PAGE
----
• Sharpen a Card Scraper

    Saturday 13th September 2014

    Interested in having another tool to reduce even further the need for sandpaper and to give you more options in creating a pristine surface? A cabinet scraper could be just the ticket. These are simplicity personified. A flat piece of steel onto which we apply a cutting burr and just like that we have a cutting tool. This is how I sharpen my card scraper. I've gone old(ish) school which I'm sure will come of no surprise to anyone who follows along here. My ingredients list is simple. Scraper, burnisher, file, sharpening stone and a rag.

    Sharpening a Card Scraper

    Scraper: In days gone old saw plate would be used or some suitable steel. The steel was soft enough to be worked with a gouge. If you go for some modern hard scrapers you will most likely need one of the extra hard burnishers.

    Burnisher: In simple terms the burnisher needs to be harder than the scraper. Imagine the scraper as pastry, if you want to work pastry you don't use a limp raw sausage, you use a rolling pin. A suitable burnisher really depends on how hard your scraper is. A screwdriver shaft, nail punch or a gouge can work as well as a made for the job burnishers (see hardness caveat above). A gouge comes up time and time again in books and I have great results using one on my scraper. If you do choose to try using a gouge use a BLUNT one to avoid injury.

    File: Bastard cut file that you use to joint saw teeth will be ideal.

    Sharpening Stone: I can't be turned away from my India stone. You use what you have.

    Rag: You always need a rag.

    The video assumes the scraper is new and a bit rough and ready. If you bought nice scrapers chances are you can skip this part. Pop the scraper in the vice and work the long edge with the file until you feel a crisp edge with a slight burr. This filing "must" be done at "90deg" but really don't sweat it too much. Then remove it from the vice and work the filed edge on your sharpening stone until all the marks fro the file are gone. Lay the scraper flat on the stone and remove any burr. Lay the scraper flat on the bench and hold the burnisher flat against the face of the scraper. Work the burnisher over the face for a dozen times or so to consolidate the edge. Clasp the scraper with the rag and get ready to roll the burr. Draw the burnisher over the edge drawing the edge as you do so. You will only need a small burr, small is better. Do this to all four edges. It's ready.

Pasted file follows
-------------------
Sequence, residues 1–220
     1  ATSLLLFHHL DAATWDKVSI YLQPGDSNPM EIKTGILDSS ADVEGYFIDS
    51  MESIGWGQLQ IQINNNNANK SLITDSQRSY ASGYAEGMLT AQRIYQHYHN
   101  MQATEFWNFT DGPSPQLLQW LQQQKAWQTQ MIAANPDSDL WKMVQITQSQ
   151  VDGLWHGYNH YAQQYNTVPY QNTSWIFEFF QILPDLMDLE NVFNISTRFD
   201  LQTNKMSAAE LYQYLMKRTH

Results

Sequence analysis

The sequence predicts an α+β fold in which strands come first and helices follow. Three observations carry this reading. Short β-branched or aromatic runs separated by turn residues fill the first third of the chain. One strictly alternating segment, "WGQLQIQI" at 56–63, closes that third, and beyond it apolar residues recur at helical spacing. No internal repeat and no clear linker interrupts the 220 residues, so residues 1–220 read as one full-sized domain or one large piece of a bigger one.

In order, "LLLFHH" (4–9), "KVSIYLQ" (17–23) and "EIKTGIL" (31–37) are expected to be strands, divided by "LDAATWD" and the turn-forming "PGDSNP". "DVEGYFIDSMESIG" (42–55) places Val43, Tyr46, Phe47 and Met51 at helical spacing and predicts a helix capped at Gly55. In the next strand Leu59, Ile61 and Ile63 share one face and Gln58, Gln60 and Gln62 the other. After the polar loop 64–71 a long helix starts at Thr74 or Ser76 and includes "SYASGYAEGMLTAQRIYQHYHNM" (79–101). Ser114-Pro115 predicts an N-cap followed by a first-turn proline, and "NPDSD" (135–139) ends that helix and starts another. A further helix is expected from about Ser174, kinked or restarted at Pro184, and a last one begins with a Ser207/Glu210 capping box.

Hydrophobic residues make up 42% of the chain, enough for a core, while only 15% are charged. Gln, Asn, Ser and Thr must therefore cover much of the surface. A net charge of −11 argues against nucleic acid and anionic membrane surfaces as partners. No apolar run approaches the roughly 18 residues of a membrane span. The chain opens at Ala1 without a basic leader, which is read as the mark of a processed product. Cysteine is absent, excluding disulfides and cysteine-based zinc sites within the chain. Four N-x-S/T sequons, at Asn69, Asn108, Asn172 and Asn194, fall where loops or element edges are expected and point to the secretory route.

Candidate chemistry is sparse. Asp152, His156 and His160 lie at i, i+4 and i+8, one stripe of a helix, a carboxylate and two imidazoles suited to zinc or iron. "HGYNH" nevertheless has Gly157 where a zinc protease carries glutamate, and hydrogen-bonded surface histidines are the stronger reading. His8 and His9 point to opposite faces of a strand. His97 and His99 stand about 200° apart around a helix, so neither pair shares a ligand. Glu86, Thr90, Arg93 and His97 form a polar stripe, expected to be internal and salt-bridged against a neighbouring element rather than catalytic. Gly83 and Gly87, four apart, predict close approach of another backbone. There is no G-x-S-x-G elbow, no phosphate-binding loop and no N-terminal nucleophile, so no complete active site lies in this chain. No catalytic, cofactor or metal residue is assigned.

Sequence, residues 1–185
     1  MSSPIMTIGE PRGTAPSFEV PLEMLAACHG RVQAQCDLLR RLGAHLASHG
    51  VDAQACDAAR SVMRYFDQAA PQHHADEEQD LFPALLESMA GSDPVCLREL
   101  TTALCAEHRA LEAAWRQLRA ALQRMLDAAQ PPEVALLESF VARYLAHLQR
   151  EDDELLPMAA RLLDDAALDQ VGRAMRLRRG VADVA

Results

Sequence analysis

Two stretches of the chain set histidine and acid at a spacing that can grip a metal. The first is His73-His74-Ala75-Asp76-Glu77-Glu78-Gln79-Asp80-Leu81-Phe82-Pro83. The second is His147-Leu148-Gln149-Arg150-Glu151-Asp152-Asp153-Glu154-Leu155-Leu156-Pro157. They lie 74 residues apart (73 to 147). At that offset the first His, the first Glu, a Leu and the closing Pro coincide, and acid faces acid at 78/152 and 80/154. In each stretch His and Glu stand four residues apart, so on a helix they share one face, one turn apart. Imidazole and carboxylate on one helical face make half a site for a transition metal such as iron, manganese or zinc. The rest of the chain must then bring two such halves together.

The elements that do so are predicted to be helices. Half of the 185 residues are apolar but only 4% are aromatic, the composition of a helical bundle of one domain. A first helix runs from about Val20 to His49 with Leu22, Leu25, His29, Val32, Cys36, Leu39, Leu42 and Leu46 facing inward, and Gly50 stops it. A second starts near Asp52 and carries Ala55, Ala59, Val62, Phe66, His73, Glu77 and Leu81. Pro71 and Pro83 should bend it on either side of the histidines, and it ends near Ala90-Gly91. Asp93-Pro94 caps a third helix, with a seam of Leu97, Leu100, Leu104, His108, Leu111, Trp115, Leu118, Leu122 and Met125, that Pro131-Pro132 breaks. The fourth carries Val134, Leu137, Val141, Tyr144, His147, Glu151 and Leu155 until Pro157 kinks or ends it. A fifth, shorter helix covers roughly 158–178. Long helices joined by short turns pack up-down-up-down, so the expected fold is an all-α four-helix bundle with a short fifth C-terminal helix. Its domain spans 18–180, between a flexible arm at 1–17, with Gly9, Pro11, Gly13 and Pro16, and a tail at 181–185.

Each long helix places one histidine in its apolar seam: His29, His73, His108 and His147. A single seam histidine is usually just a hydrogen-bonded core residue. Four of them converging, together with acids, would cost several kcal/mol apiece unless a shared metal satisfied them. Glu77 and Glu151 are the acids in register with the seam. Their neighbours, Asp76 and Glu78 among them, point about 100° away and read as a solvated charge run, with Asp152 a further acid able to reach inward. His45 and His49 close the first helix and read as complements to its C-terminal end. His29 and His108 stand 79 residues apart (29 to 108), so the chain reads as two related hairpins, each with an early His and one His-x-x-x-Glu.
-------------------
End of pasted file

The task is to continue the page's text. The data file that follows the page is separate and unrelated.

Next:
Sharpened scraper.

    If you have dust repeat the above. When you feel the edge dull simply consolidate/knock back the burr and roll a new one. You will be able to do that quite a bit. When that fails, file and go again. Congratulations! Less dust, less sandpaper, more simple and useful skills under the belt. Result!

  • Don't Dismiss The........

    Thursday 11th September 2014


    …….Straight Sided Chisel. But that’s a tool for site carpenters who need strong tools? Not necessarily. Sure, it’s typical of strong chisels to have straight sides but perhaps let’s allow other factors to motivate our thoughts. If we think of a chisel for robust use perhaps if we use the words of Joseph Moxon (see page 72) and call them “former” chisels perhaps we are closer to framing the concept better.

    Firmer Chisels

    The image above shows what I feel are formers (I now drop the use of the word firmer). At the bottom of the photo is a beast by Marples. A big hoop ironed ash handle and strong ferule with a thick blade. Above the Marples sit two modern day formers with strike caps and tough plastic handles, however they have bevelled sides. The clues to a chisel use are more than just the sides.

    Stormont Chisels